For example, I see the intensification that is happening at Fort Totten Metro Station in DC as a harbinger of the future no different than what Pearlstein writes about, but it does demonstrate a new development paradigm for DC, although it happens to be the same paradigm employed by Arlington County along Wilson Boulevard.

Except in how the Central Business District has extended to M Street SE (Navy Yard) and eastward to NoMA/Union Station, for the most part, DC hasn't significantly upzoned for more intense development the areas around subway stations that are outside of the core of the city.

Columbia Heights is an exception. And the area around the Petworth station is intensifying as well, with taller buildings, although there had been 5 story apartment buildings already, as a result of the earlier streetcar era.

This means you have two and three story buildings for the most part around Metro stations, at least so far.

Fort Totten is seeing an intensification that is fundamentally different. Generally, the Fort Totten area is marked by garden apartments and single family housing that is attached, detached, or in duplexes. It is a low scale development paradigm.

The first wave was nothing special, a set of 4 story apartments built on land across from the Metro. Many people, not just me, deride the buildings for their uninspiring design.
Image from the story, "Fort Totten: Five Years Could Make a Big Difference," in the Urban Turf blog.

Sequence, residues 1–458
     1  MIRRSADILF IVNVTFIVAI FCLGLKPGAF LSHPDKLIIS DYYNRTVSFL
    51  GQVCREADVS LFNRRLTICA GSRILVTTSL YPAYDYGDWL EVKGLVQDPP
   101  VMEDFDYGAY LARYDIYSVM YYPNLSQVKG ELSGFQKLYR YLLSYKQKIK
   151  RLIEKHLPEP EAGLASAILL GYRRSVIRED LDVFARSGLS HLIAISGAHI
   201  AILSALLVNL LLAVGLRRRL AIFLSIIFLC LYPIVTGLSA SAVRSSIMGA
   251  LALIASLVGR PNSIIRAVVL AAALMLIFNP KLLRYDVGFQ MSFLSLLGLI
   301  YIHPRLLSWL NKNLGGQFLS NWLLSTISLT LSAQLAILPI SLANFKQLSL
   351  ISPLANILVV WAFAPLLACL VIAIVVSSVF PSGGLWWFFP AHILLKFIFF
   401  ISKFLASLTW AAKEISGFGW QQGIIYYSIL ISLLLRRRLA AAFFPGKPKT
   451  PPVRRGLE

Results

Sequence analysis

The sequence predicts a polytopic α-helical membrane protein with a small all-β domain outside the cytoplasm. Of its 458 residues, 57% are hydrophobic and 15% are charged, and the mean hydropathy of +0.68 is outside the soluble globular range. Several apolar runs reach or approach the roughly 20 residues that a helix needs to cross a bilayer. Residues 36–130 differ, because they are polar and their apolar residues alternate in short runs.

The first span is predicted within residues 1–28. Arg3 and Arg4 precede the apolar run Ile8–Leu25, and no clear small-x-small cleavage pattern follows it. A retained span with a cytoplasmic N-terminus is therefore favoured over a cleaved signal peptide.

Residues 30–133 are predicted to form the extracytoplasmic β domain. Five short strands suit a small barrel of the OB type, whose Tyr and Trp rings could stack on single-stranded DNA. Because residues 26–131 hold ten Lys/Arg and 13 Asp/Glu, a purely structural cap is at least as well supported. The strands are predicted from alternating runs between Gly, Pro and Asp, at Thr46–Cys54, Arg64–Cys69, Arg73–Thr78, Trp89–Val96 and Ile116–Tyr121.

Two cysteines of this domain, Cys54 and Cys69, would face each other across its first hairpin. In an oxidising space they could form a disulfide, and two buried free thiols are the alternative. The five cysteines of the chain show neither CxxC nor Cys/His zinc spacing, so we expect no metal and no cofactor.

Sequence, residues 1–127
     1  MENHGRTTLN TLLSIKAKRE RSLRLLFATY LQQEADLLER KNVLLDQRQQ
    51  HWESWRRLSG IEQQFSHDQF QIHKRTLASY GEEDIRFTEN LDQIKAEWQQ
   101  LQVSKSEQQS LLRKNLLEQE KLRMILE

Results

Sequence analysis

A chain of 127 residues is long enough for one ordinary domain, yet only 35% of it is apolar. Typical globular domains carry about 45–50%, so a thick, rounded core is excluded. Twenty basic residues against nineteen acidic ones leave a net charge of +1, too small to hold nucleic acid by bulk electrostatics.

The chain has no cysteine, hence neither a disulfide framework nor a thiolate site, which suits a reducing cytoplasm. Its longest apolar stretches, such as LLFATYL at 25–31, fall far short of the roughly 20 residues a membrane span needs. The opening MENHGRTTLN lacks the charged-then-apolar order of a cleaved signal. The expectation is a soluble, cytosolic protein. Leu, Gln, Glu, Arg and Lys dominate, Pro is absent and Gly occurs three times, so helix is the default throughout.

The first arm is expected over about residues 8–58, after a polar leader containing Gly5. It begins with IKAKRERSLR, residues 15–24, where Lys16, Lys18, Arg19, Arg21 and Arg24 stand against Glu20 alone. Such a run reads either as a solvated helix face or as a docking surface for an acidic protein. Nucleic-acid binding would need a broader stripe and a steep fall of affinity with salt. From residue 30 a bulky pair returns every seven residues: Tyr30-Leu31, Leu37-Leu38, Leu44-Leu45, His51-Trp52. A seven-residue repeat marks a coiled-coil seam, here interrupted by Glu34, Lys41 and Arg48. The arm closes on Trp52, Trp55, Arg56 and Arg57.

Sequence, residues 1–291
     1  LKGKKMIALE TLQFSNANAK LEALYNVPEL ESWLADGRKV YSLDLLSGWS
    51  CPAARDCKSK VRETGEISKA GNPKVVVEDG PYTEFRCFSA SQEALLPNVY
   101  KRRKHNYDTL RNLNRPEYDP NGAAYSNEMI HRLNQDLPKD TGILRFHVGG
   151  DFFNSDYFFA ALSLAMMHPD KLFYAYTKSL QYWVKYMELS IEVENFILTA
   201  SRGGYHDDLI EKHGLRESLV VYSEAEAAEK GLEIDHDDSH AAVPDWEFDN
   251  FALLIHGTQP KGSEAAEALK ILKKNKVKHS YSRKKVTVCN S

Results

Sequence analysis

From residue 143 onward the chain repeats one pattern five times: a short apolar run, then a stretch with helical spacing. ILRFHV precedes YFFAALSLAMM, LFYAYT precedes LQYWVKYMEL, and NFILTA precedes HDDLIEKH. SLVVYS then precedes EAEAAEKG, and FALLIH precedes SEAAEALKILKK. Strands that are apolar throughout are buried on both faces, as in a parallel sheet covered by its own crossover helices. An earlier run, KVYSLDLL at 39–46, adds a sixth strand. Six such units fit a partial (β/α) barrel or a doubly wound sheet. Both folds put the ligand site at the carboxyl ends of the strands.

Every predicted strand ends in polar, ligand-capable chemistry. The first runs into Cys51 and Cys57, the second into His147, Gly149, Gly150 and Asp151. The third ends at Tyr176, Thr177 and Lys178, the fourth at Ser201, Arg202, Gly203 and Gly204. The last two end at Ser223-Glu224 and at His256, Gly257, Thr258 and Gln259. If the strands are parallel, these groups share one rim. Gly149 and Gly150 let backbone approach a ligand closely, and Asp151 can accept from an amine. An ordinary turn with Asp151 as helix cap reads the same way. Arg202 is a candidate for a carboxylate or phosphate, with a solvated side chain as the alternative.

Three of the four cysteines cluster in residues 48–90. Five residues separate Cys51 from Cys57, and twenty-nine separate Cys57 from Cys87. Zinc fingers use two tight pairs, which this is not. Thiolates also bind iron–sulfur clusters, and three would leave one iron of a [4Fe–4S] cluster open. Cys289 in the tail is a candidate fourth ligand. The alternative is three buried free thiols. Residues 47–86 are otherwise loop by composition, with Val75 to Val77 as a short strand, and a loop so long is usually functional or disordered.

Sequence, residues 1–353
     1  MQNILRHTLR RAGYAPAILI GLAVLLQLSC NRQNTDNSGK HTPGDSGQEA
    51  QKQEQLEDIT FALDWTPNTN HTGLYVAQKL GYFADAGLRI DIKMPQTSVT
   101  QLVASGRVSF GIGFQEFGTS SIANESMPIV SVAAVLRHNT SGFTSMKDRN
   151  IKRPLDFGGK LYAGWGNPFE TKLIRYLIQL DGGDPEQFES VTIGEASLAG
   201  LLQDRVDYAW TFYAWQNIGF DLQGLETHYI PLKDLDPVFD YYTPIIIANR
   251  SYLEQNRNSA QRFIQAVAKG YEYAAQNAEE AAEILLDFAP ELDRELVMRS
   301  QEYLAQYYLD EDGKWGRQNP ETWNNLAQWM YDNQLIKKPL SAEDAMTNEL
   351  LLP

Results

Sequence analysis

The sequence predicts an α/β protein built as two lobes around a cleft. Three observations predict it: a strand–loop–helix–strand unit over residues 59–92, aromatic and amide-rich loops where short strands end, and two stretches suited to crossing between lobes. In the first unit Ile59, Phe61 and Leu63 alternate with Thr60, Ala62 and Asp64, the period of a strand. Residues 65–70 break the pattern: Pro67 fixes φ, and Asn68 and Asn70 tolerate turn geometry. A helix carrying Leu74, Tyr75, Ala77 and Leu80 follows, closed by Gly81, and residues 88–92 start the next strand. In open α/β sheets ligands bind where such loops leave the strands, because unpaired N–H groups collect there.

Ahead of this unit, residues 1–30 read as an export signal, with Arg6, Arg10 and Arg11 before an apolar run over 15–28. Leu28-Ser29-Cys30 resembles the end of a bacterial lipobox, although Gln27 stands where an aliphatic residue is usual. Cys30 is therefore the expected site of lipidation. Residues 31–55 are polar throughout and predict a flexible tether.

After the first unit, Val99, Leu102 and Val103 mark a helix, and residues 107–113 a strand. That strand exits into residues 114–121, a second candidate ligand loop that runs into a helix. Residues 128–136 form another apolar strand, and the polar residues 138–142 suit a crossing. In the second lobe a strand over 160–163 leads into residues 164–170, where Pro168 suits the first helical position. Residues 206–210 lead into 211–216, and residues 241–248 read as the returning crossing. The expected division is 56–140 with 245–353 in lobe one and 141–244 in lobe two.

But the second wave is decidedly different, an intensification--for DC--of garden apartments owned by the Cafritz Foundation and a former strip shopping center that now is owned in part by JBG into buildings that are going to be 5 and 6 stories tall. Stores like Walmart will be coming to the area too. (Frankly, I prefer the concept as rendered by the previous developer.)
Walmart rendering, Fort Totten
Top: Rendering of the JBG development on Riggs Road, Fort Totten. Bottom: rendering, Cafritz "Art Place" development.


I think over time this development energy will move outward within the DC catchment area of the station, as there is similar building stock present between North Capitol and Fort Totten Drive within easy walking distance to the Metro station, and in the areas abutting these developments, and even just across the border into Prince George's County where there is a large shopping center and a variety of garden apartment complexes that are close enough to Fort Totten that the proximity can be leveraged and marketed.

Similarly, when as Fort Totten builds out, development will jump to the area around West Hyattsville Metro, which has development intensification opportunities similar to that of Fort Totten--which face it, 10 years ago, people never would have believed that the area was capable of supporting the kinds of developments that are going into there now.